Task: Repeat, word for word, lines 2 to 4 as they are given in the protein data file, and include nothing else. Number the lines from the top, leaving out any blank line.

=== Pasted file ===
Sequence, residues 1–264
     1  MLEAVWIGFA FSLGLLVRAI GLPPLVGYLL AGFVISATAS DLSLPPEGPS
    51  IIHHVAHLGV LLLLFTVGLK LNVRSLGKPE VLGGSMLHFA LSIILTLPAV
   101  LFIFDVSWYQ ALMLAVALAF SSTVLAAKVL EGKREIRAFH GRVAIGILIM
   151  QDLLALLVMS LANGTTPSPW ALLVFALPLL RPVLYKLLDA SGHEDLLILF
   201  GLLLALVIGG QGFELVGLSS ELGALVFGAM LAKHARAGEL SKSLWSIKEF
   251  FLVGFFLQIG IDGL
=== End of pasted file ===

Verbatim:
     1  MLEAVWIGFA FSLGLLVRAI GLPPLVGYLL AGFVISATAS DLSLPPEGPS
    51  IIHHVAHLGV LLLLFTVGLK LNVRSLGKPE VLGGSMLHFA LSIILTLPAV
   101  LFIFDVSWYQ ALMLAVALAF SSTVLAAKVL EGKREIRAFH GRVAIGILIM